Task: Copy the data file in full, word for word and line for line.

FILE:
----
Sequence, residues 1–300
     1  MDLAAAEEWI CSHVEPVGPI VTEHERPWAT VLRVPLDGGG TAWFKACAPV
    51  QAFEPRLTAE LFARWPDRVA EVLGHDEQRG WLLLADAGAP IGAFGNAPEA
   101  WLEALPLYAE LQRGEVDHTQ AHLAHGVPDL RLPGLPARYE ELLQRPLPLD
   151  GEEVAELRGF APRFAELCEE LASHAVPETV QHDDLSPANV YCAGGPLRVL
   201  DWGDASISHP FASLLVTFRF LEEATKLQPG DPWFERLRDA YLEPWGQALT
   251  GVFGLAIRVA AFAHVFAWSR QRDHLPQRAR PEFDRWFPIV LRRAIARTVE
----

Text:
Sequence, residues 1–300
     1  MDLAAAEEWI CSHVEPVGPI VTEHERPWAT VLRVPLDGGG TAWFKACAPV
    51  QAFEPRLTAE LFARWPDRVA EVLGHDEQRG WLLLADAGAP IGAFGNAPEA
   101  WLEALPLYAE LQRGEVDHTQ AHLAHGVPDL RLPGLPARYE ELLQRPLPLD
   151  GEEVAELRGF APRFAELCEE LASHAVPETV QHDDLSPANV YCAGGPLRVL
   201  DWGDASISHP FASLLVTFRF LEEATKLQPG DPWFERLRDA YLEPWGQALT
   251  GVFGLAIRVA AFAHVFAWSR QRDHLPQRAR PEFDRWFPIV LRRAIARTVE